By Toby Christie (Originally appeared on RubbingsRacing.com)
Everybody is getting bent out of shape about Clint Bowyer’s three race probation after spinning out Denny Hamlin in last week’s Nationwide race at Dover. The reason that people don’t understand the penalty is that it is the exact same punishment Carl Edwards suffered after sending Brad Keselowski for a wild ride at Atlanta just months ago.
Yes Edwards went for his retaliation at speeds in excess of 180 miles per hour, while Bowyer went for his retribution at the slower pace of a caution, but there is one reason that the punishment for both situations should be the same.
That reason is simply Steve Park. For those who know the story of Steve Park, and are still questioning this penalty let me just say one thing… It’s amazing how quickly we forget that anything can happen at any time on a racetrack.
For those more recent or younger fans that don’t know about Steve Park, he was an up and coming driver that was making his mark on the NASCAR Sprint Cup Series driving for Dale Earnhardt Incorporated. He was coming off of a win and an 11th-place finish in the points in 2000, and his career looked extremely bright.
The 2001 season started off on a somber note for Park, and his Dale Earnhardt Incorporated team, as their owner and friend Dale Earnhardt was killed in a last lap crash in the Daytona 500. Despite the incredibly tragic start to the season, Park would win the very next week at Rockingham, and it was looking to be a banner year for the young driver.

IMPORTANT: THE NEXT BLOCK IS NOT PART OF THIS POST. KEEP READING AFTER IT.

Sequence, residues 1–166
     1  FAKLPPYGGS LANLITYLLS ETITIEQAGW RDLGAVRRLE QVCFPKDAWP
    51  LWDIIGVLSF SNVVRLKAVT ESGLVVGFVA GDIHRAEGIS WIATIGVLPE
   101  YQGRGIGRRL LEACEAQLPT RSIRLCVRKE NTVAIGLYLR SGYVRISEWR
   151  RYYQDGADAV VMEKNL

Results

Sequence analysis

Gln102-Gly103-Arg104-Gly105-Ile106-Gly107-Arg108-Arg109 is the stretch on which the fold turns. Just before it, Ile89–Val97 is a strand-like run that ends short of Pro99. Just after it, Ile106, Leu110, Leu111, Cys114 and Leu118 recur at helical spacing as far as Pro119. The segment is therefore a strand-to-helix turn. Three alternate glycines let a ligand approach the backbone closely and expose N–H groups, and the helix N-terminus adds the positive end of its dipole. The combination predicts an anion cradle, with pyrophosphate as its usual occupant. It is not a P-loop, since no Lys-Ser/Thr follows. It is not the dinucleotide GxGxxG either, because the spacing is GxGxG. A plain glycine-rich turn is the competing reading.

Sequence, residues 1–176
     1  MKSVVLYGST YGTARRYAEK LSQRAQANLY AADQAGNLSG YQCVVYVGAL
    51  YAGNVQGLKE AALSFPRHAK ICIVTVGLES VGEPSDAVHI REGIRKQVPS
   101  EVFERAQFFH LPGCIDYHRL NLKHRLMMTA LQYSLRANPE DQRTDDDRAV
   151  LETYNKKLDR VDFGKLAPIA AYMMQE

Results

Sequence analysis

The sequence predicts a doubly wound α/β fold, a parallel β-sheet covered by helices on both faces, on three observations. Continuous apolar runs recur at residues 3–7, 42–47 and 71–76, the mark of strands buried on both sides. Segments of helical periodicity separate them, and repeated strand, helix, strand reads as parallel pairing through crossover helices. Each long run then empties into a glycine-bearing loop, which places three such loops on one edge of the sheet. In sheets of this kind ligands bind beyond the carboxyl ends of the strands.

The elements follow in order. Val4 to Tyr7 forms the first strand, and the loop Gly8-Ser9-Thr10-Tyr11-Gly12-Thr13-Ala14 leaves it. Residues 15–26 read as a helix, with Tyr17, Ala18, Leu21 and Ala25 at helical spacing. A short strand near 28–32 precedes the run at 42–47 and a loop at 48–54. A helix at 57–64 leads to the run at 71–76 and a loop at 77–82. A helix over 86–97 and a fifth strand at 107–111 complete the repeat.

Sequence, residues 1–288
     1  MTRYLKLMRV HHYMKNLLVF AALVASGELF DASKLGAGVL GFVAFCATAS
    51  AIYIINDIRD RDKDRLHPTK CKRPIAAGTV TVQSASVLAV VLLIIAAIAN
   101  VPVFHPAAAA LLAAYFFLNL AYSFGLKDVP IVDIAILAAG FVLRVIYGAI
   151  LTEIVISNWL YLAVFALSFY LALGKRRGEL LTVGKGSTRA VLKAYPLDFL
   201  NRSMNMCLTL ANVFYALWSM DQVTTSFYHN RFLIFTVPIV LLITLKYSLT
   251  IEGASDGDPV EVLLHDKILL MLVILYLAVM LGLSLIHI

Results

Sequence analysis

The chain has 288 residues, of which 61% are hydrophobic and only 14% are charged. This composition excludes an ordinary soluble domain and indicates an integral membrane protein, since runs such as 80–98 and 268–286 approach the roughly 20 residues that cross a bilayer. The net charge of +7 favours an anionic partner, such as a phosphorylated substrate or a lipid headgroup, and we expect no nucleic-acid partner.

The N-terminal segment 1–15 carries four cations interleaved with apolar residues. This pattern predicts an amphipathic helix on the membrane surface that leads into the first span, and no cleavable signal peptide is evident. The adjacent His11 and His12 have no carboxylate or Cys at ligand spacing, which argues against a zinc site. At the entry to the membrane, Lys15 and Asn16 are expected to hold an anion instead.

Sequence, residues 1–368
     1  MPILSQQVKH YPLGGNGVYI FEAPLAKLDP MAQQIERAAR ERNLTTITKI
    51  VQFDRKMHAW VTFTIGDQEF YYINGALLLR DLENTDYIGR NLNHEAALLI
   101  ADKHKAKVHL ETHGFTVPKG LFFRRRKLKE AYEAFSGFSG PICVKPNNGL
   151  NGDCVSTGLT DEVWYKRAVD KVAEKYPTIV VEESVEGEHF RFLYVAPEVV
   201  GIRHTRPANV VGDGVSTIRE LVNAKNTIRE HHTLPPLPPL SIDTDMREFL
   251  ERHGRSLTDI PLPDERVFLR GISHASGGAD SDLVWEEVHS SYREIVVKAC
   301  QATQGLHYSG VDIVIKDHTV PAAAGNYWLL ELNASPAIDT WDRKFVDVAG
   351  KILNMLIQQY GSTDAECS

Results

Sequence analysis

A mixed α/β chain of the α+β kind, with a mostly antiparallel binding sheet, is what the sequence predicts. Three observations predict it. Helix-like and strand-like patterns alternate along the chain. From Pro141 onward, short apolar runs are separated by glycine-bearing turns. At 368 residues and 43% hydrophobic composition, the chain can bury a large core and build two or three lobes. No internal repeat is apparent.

That is until his career and more importantly his life were in jeopardy following a crash in a Nationwide race at Darlington later that season.
Under caution in the South Carolina 200, Park was weaving back and forth to clean his tires for the upcoming restart, when all of a sudden his steering wheel popped off of his steering collumn. This sent park veering straight left down the track, when he was t-boned by Larry Foyt, who was going incredibly fast to catch up with the pack before the green flag came out.
Steve Park was never the same after that crash, but he was lucky to survive.
This is why we shouldn’t be questioning NASCAR for making Bowyer’s penalty equal to that of Edwards’ earlier in the season… Anything can happen at anytime on a race track, no matter what the speed, or what condition of the activities on the track, and we should never forget that.
We have become so confident in the safety of the race cars here recently that it seems that we have almost forgotten that our heroes can be injured, or more seriously killed if and when things go wrong.
I fully support the correlation in the penalties, and I actually think that each of them should have had a stiffer punishment.